HIST 394
The History of Panics
Last Offered Spring 2018
Division II
This course is not offered in the current catalog or this is a previous listing for a current course.

Class Details

What is a panic? This course takes up questions of what has defined, caused, and shaped panics of various kinds-political, societal, moral, medical, and financial. We will consider what has fueled panics, what has prevented them, what their effects have been, how they have ended, who has panicked, who has been the victim of panics, and what has distinguished premodern from modern incarnations of the phenomenon. Central themes will include the relationship between panics and emotions (anxiety, fear, insecurity, irrationality, hysteria), communication (rumor, gossip, mass media), technology (electricity, vaccines, the computer), and violence (persecution, revolution, psychological torment). With a multidisciplinary approach informed by sociology, economics, psychology, and history, our examination will span different times and different places and will encompass witch hunts of many sorts, infectious diseases, financial crises, cultural scares, and more.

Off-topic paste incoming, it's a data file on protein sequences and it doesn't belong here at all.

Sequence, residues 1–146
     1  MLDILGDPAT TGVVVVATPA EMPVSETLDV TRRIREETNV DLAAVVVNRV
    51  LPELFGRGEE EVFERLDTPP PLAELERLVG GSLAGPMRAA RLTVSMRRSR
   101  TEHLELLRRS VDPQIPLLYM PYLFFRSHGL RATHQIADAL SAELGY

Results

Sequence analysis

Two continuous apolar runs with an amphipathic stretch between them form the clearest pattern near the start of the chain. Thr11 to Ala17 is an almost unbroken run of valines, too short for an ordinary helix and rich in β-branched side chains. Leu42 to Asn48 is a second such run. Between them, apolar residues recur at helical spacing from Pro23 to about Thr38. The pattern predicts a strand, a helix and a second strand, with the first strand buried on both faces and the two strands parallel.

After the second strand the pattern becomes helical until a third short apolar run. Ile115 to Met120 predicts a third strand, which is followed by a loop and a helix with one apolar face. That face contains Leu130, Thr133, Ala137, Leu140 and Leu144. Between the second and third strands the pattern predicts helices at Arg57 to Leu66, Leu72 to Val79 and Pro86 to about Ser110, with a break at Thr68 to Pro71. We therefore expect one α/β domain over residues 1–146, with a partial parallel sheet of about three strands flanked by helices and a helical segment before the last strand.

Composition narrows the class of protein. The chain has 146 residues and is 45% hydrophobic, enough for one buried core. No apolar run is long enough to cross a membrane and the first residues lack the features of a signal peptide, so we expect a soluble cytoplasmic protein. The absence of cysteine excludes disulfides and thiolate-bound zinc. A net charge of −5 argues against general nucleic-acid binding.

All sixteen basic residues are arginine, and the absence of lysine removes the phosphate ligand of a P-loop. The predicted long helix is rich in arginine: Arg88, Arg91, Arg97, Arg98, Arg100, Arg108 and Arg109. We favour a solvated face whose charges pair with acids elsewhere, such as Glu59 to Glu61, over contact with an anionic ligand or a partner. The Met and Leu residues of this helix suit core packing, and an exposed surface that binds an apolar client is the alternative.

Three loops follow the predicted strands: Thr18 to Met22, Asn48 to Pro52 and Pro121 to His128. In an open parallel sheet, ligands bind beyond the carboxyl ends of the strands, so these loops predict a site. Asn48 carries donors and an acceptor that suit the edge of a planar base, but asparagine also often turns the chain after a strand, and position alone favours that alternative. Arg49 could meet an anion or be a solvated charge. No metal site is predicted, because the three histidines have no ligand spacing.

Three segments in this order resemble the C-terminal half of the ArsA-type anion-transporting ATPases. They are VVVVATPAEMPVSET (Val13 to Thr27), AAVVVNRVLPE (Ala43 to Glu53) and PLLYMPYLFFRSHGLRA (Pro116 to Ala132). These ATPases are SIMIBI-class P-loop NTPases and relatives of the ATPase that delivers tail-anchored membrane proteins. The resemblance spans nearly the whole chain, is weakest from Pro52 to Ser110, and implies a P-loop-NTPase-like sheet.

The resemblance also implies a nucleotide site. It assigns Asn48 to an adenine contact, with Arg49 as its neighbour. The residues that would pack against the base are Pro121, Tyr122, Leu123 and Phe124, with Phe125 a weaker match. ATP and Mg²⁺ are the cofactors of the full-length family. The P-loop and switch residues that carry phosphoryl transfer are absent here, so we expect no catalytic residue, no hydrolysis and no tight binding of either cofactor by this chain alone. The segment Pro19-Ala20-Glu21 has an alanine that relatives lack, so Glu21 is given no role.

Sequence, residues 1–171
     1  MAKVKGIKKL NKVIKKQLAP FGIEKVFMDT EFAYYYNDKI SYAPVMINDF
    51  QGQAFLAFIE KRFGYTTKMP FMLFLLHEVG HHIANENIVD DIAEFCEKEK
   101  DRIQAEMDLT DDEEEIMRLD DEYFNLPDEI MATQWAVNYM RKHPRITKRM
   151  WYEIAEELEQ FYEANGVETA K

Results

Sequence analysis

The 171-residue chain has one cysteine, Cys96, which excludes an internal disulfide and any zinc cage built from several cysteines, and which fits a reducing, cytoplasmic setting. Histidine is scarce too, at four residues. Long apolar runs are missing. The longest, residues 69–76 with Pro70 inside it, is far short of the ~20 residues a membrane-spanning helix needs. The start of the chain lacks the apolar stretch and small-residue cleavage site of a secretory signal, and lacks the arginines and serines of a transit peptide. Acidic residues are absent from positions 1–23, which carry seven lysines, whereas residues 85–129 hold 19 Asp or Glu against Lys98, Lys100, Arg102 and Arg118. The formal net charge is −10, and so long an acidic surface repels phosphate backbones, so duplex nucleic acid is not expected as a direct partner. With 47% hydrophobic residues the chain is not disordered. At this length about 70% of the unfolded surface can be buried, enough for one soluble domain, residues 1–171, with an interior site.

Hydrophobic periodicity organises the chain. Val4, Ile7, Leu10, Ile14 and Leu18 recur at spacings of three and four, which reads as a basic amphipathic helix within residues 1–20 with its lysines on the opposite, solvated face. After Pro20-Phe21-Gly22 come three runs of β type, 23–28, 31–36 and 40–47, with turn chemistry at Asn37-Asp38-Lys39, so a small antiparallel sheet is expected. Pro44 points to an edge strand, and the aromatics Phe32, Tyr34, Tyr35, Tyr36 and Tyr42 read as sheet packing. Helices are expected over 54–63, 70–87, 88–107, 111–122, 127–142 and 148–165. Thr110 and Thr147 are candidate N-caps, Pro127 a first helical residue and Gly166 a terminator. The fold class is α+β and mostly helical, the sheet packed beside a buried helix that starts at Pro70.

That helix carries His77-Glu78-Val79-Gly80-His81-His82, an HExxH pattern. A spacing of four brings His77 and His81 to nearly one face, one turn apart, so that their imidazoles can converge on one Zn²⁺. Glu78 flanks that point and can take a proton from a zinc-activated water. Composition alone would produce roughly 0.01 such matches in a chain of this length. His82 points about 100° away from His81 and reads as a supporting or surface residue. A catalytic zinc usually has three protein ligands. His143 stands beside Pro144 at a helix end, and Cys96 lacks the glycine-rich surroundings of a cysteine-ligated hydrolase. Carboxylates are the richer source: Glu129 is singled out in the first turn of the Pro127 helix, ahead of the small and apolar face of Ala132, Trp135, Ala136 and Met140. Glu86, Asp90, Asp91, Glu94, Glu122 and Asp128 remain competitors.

The Class: Format: seminar
Limit: 25
Expected: 15
Class#: 3479
Grading: no pass/fail option, yes fifth course option
Requirements/Evaluation: class participation, response papers, one short 5-page paper, and a research paper
Prerequisites: none
Enrollment Preferences: History majors, potential History majors
Distributions: Division II

Class Grid

Updated 4:18 am

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